Wlliam Gilmore Simms
Stories and Tales >> The Prima Donna: A Passage from City Life >> Page 191

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Page 191

Short Stories | U of South Carolina P | 1974
Transcription THE PRIMA DONNA191
ment conveyed by his terrors which is grateful, because of its
freshness, to the heart which is no longer so: and if she was not
composed—if like myself she trembled and was confounded, then
it followed that my emotion must have escaped her sight. My
friend, the Editor, congratulated me on my leaving the apartment
upon the obvious impression which I had made. Before we left
her the company began to pour in the various assemblage of a good
stock-management. There were others too, not of the company,
who possessed the privileges of the interior to whom the wires
might be shown, and the mechanism of the magic, without danger.
There were the Editors —a numerous tribe the writers for the
stage, some of the proprietors of the establishment, and a few of the
dashing bloods of the town. To all of these the Prima Donna was
the eye of attraction—the centre of the solar system in that little
world. I felt myself very small and very awkward, when I witnessed
the dashing freedom and consequential airs of most around me, as
they approached to converse with one whose very glance had so
completely unsettled my nervous system. Finally, the little, old
Italian, her protector, made his appearance, and with his entree
you would have fancied that we had suddenly fallen in with a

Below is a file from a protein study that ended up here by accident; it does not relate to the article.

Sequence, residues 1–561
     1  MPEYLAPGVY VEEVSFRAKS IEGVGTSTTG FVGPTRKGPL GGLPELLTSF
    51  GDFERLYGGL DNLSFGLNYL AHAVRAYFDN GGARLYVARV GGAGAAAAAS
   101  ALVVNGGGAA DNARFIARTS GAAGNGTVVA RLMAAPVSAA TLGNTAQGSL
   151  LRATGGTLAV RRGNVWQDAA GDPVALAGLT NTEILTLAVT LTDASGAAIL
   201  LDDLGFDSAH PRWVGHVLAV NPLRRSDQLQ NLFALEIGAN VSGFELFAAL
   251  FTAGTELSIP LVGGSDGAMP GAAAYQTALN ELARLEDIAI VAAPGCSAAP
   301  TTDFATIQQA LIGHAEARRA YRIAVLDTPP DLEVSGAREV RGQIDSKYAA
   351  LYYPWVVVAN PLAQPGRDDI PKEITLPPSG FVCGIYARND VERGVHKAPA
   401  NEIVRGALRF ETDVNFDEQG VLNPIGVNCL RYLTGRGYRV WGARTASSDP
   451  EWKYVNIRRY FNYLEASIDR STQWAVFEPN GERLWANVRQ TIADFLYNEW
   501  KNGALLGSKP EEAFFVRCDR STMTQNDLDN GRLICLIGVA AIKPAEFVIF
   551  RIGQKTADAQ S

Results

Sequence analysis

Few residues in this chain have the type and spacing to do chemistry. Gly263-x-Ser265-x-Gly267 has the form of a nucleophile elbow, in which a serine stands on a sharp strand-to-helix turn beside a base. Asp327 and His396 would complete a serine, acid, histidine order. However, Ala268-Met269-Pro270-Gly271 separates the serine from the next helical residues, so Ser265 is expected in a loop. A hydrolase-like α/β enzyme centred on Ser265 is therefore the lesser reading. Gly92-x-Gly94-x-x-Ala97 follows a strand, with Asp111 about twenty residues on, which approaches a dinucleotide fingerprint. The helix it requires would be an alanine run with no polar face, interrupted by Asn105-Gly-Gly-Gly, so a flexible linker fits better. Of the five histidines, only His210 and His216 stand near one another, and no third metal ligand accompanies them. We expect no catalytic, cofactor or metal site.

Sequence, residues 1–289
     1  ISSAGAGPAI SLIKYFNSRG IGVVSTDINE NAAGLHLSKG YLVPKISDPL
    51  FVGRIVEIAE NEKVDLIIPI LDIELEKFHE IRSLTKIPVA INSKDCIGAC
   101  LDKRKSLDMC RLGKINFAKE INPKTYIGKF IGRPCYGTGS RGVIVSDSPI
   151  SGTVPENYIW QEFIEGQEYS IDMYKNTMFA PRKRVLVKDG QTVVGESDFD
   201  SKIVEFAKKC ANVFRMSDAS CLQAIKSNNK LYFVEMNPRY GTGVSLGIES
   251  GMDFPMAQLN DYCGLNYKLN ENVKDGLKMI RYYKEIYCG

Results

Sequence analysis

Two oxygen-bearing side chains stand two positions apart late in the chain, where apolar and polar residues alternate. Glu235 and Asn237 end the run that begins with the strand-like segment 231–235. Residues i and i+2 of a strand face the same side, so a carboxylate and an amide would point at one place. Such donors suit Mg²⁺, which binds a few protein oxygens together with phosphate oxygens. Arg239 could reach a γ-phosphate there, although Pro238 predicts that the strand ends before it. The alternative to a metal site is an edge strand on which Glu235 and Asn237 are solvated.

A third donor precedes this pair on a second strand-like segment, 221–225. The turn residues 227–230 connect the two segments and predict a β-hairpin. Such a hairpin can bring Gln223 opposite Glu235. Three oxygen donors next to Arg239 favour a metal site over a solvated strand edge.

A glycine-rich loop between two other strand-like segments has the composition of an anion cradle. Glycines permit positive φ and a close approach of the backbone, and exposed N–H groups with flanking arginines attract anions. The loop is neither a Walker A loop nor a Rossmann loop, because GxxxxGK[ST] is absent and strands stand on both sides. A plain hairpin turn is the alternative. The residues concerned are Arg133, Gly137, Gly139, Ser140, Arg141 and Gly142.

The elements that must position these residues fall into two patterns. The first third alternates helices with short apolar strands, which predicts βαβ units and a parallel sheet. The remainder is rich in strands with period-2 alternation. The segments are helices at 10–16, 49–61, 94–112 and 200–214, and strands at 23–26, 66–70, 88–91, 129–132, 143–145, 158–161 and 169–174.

mountain of ice. Every thing was frigid after his appearance. The
dandies bowed at a more respectful distance, at the object of their
previous devotion, while his little fiery eyes seemed to scrutinize
every countenance with suspicion, and to find in every movement
abundant cause to congratulate himself on having arrived in the
very nick of time to prevent the worst of mischiefs.
To me, he gave less attention than I feared would have fallen
to my lot. I had even begun to think that he failed to recognize me,
and should certainly have believed so, but for a single sentence
which he uttered with a sinister grin, as we underwent the usual
forms of introduction to one another.
"You be love music, vera moch, sare, I remembair, eh?"
The remark was simple in the ears of all but the Prima Donna
and myself. I took care to regard it as such in the reply I made
at the moment ; but I remembered it, and availed myself of the
opening which it gave me for purposes of explanation to call upon
the couple at their residence.